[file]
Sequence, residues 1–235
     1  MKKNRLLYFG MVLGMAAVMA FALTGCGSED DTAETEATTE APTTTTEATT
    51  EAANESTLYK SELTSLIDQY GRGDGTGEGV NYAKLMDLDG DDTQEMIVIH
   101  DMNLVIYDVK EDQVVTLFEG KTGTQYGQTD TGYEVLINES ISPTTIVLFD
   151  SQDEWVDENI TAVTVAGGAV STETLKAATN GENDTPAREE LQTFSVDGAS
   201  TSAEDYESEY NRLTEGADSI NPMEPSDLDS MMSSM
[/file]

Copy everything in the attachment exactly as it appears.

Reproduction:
Sequence, residues 1–235
     1  MKKNRLLYFG MVLGMAAVMA FALTGCGSED DTAETEATTE APTTTTEATT
    51  EAANESTLYK SELTSLIDQY GRGDGTGEGV NYAKLMDLDG DDTQEMIVIH
   101  DMNLVIYDVK EDQVVTLFEG KTGTQYGQTD TGYEVLINES ISPTTIVLFD
   151  SQDEWVDENI TAVTVAGGAV STETLKAATN GENDTPAREE LQTFSVDGAS
   201  TSAEDYESEY NRLTEGADSI NPMEPSDLDS MMSSM